John Bowersox | EurekAlert!
Further information:
http://www.niaaa.nih.gov
http://www.nih.gov

More articles from Studies and Analyses:

nachricht The Great Unknown: Risk-Taking Behavior in Adolescents
19.01.2017 | Max-Planck-Institut für Bildungsforschung

nachricht A sudden drop in outdoor temperature increases the risk of respiratory infections
11.01.2017 | University of Gothenburg

All articles from Studies and Analyses >>>

The most recent press releases about innovation >>>

Die letzten 5 Focus-News des innovations-reports im Überblick:

Im Focus: Traffic jam in empty space

New success for Konstanz physicists in studying the quantum vacuum

An important step towards a completely new experimental access to quantum physics has been made at University of Konstanz. The team of scientists headed by...

Im Focus: How gut bacteria can make us ill

HZI researchers decipher infection mechanisms of Yersinia and immune responses of the host

Yersiniae cause severe intestinal infections. Studies using Yersinia pseudotuberculosis as a model organism aim to elucidate the infection mechanisms of these...

Im Focus: Interfacial Superconductivity: Magnetic and superconducting order revealed simultaneously

Researchers from the University of Hamburg in Germany, in collaboration with colleagues from the University of Aarhus in Denmark, have synthesized a new superconducting material by growing a few layers of an antiferromagnetic transition-metal chalcogenide on a bismuth-based topological insulator, both being non-superconducting materials.

While superconductivity and magnetism are generally believed to be mutually exclusive, surprisingly, in this new material, superconducting correlations...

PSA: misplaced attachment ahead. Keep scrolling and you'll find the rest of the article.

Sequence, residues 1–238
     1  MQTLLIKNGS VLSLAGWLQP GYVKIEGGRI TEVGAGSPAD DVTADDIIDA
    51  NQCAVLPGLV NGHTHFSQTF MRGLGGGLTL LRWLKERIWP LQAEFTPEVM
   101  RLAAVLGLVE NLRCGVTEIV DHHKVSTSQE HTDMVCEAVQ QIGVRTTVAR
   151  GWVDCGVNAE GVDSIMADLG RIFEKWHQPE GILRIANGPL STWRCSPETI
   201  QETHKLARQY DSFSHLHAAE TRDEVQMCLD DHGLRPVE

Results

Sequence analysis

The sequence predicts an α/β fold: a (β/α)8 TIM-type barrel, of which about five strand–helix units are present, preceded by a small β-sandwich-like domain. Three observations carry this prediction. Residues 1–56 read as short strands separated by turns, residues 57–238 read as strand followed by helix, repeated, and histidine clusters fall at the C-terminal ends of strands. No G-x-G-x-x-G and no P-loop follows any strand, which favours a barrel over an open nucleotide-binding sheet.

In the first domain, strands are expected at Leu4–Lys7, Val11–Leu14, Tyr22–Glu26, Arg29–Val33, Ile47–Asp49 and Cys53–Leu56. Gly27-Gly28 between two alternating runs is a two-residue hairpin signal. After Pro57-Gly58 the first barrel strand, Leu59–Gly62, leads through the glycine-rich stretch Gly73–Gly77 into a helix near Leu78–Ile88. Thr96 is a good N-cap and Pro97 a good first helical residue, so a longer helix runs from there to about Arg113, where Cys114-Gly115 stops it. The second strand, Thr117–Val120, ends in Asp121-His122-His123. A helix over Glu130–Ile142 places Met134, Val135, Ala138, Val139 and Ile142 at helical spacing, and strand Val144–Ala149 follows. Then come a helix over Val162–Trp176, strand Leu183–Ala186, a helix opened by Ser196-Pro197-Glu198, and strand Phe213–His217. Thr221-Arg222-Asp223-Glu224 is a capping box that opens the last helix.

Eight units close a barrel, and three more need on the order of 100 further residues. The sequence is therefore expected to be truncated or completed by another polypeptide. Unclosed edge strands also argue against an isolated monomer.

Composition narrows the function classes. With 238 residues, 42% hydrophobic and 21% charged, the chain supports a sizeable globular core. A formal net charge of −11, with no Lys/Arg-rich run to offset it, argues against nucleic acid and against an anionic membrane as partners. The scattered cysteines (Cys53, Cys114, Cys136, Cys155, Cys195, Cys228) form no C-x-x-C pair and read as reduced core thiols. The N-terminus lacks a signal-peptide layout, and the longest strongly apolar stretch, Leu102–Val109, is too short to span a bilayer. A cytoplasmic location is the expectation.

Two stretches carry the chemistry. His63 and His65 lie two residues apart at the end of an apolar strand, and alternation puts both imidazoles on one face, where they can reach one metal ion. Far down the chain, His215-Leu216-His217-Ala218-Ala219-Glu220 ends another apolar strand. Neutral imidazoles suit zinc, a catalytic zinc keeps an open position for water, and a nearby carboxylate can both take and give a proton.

Im Focus: Studying fundamental particles in materials

Laser-driving of semimetals allows creating novel quasiparticle states within condensed matter systems and switching between different states on ultrafast time scales

Studying properties of fundamental particles in condensed matter systems is a promising approach to quantum field theory. Quasiparticles offer the opportunity...

Im Focus: Designing Architecture with Solar Building Envelopes

Among the general public, solar thermal energy is currently associated with dark blue, rectangular collectors on building roofs. Technologies are needed for aesthetically high quality architecture which offer the architect more room for manoeuvre when it comes to low- and plus-energy buildings. With the “ArKol” project, researchers at Fraunhofer ISE together with partners are currently developing two façade collectors for solar thermal energy generation, which permit a high degree of design flexibility: a strip collector for opaque façade sections and a solar thermal blind for transparent sections. The current state of the two developments will be presented at the BAU 2017 trade fair.

As part of the “ArKol – development of architecturally highly integrated façade collectors with heat pipes” project, Fraunhofer ISE together with its partners...

All Focus news of the innovation-report >>>

Anzeige

Anzeige

Event News

Sustainable Water use in Agriculture in Eastern Europe and Central Asia

19.01.2017 | Event News

12V, 48V, high-voltage – trends in E/E automotive architecture

10.01.2017 | Event News

2nd Conference on Non-Textual Information on 10 and 11 May 2017 in Hannover

09.01.2017 | Event News

 
Latest News

Helmholtz International Fellow Award for Sarah Amalia Teichmann

20.01.2017 | Awards Funding

An innovative high-performance material: biofibers made from green lacewing silk

20.01.2017 | Materials Sciences

Ion treatments for cardiac arrhythmia — Non-invasive alternative to catheter-based surgery

20.01.2017 | Life Sciences

VideoLinks
B2B-VideoLinks
More VideoLinks >>>